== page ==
The higher you go, the farther you fall, as the old adage goes.

While commercial real estate data depict slow progress in recovery from recession-era lows, the region remains in better shape than hard-hit areas in states such as California and Florida, where real estate bubbles caused catastrophic crashes.

That said, the commercial real estate market — a key indicator of economic health — continues to bounce back in the Springs and surrounding communities, but still has miles to crawl.

Sierra Commercial Real Estate Inc.’s third-quarter report displays an encouraging snapshot of the region’s retail, office and industrial sectors. The MarketView report illustrates promising trends in vacancy rates, leasing costs and activity for the quarter and the year as an unfinished whole.

“[The market] is stronger than it’s been, but we’re chugging along at a slow pace compared to past recoveries,” said Ben Lowe, director of market research for Sierra Commercial Real Estate. “Every quarter seems to be better than the previous, but we’re not recovering at a very rapid pace.”

Lowe said that investment activity and up-and-coming developments such as Copper Ridge at Northgate are potential “shots in the arm” for our economy, but it’s too soon to tell what effect those stimulants might have.

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“By historical standards, we still have a long way to go — we’re going in the right direction, but just not very quickly,” he said, adding that our economic trends typically lag nine months behind those of Denver.

RETAIL: According to the report, Colorado Springs retail real estate is riding high for the quarter after a “relatively calm first half of the year.”

Sierra reports that vacancy rates dropped 11 percent and lease rates dropped to $11.68 per square foot this quarter, while so far this year net absorption is up 85,000 square feet and lease activity increased by 440,000 square feet. These leasing rates remain low because of older retail centers carrying a larger percentage of available space, in contrast with newer, growing centers at which rents are steadily increasing.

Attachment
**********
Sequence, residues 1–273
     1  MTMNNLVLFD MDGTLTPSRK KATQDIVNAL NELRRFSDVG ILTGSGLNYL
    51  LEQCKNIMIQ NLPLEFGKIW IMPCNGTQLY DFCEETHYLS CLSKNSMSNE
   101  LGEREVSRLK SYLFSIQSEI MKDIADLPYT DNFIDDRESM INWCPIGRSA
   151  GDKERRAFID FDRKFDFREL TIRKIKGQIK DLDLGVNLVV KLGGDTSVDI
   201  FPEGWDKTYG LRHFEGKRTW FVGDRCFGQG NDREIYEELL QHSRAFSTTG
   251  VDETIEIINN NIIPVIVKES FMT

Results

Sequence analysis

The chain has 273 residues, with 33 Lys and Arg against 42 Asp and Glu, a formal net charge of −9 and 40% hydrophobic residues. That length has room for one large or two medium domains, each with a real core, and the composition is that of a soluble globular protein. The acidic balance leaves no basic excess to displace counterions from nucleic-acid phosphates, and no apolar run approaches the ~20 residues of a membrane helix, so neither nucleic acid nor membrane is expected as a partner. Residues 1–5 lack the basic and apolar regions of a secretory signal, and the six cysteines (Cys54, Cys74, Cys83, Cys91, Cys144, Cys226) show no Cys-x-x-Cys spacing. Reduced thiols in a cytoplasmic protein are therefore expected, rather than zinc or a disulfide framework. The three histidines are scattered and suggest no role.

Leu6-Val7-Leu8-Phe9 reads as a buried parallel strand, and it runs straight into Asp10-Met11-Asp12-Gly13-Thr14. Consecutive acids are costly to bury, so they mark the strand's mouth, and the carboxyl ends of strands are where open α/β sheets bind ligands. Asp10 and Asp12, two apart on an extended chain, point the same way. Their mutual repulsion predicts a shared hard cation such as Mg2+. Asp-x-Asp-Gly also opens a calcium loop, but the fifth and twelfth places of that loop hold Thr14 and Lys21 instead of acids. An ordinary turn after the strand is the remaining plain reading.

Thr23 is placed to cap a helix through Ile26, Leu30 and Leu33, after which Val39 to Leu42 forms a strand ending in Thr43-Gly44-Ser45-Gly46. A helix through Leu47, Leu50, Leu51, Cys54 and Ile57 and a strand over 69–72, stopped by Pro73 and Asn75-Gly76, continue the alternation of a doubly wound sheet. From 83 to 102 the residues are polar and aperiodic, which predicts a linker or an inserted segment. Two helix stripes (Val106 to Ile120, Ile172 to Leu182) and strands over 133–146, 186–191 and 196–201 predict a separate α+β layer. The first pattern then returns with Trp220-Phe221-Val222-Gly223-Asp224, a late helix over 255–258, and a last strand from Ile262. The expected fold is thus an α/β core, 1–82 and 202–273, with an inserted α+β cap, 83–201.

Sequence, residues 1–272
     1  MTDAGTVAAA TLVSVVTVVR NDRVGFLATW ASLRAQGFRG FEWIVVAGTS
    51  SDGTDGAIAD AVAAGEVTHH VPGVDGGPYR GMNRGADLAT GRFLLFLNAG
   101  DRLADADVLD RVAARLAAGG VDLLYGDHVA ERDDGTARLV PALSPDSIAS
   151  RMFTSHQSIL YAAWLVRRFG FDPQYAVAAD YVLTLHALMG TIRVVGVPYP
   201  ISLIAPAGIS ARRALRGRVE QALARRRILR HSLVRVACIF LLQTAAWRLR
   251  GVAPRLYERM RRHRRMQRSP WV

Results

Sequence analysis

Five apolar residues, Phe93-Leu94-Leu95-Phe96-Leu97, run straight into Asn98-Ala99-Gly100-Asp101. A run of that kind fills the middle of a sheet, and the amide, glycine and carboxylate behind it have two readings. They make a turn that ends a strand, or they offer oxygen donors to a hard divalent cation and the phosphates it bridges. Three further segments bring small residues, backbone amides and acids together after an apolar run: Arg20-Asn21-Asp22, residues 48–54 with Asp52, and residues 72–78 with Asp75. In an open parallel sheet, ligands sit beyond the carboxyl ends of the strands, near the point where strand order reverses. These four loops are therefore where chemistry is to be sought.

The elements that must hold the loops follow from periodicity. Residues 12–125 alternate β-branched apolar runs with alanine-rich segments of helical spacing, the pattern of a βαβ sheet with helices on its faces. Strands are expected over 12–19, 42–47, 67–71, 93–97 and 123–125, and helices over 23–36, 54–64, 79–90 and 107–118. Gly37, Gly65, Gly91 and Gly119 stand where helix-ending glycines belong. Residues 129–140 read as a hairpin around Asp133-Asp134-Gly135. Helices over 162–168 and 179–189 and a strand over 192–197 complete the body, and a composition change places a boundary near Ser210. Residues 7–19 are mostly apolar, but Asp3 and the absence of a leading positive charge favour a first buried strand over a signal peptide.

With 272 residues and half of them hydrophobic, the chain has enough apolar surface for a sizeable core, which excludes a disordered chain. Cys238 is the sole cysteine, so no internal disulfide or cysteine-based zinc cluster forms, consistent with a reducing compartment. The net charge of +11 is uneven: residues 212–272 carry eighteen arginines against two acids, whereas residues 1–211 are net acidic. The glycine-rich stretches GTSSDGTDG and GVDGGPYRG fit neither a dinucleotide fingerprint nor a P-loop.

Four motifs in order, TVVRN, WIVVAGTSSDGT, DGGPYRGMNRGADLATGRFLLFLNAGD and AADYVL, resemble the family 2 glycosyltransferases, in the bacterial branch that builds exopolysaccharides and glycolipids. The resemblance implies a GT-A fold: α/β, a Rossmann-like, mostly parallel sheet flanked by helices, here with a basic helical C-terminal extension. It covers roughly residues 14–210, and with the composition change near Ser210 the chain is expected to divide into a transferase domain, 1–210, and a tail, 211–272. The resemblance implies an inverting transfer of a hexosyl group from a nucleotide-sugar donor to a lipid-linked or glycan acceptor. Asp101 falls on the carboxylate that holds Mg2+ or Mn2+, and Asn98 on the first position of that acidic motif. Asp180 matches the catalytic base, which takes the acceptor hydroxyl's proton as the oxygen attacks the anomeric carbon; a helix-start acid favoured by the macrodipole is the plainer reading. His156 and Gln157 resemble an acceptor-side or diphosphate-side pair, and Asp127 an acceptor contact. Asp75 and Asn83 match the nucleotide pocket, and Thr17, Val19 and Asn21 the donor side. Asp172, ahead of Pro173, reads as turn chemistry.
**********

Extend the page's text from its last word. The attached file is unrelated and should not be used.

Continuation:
The third quarter was also marked by some sizable sales and lease deals within the local market. Among those deals are the Promenade Shops at Briargate, a 231,847-square-foot lifestyle center at 1605 Briargate Pkwy. that sold for $96.8 million, and the Windchime Center at the corner of Rockrimmon Boulevard and Woodmen Road, a 67,084-square-foot shopping center that fetched $4.5 million.

OFFICE: Sierra reported that office real estate in the Springs area is experiencing a healthy season.

The organization reports that vacancy rates are down 15 percent and leasing costs are down to $10.67 per square foot this quarter, while net absorption is up more than 410,000 square feet for the year. However, year-to-date lease activity within this sector suffered a blow, bringing its rate down 942,000 square feet.

“The first three quarters of 2013 have demonstrated that the Colorado Springs office market has made further gains during the current recovery cycle that began in 2010,” according to Sierra’s report.

According to the report, several prominent office properties have been purchased during the third quarter. Among office properties sold are the 218,000-square-foot PrimeCenter at Briargate at 2315 Briargate Pkwy. for $18.7 million and the 82,984-square-foot Academy Point Offices at 1030 S. Academy Blvd. for $5.5 million.

“New ownership has the potential to inject creative ideas and additional resources to underperforming buildings, further helping in the overall recovery of the office market,” the report said.

INDUSTRIAL: Although statistics show that leasing costs are down for the quarter — thanks to supply and demand — they also show that the industrial property market “remains relatively slow.”

The Sierra report shows that vacancy rates are down more than 9 percent and the lowest since 2007, while lease rates have been reduced to just $6.22 per square foot this quarter. Net absorption is also up for the year by 206,129 square feet. And while lease activity is down in the third quarter, it remains up 757,361 square feet for the year.

“The Colorado Springs industrial market continues to show improvement through the first nine months of 2013, with additional gains anticipated during the fourth quarter and into 2014,” according to the report.

Prominent leasing deals for the quarter included the 75,988-square-foot former Hotsy manufacturing facility at 2150 W. Garden of the Gods Road and a 35,550 square-foot space at 5030 Centennial Blvd., while the largest sale was that of an 11,920-square-foot manufacturing facility on Northpark Drive to Sams Management LLC for $765,000.

The report adds anecdotal data suggesting that although El Paso County has lost half of its manufacturing jobs since 2000, the market has done relatively well at curbing such losses in the past few years.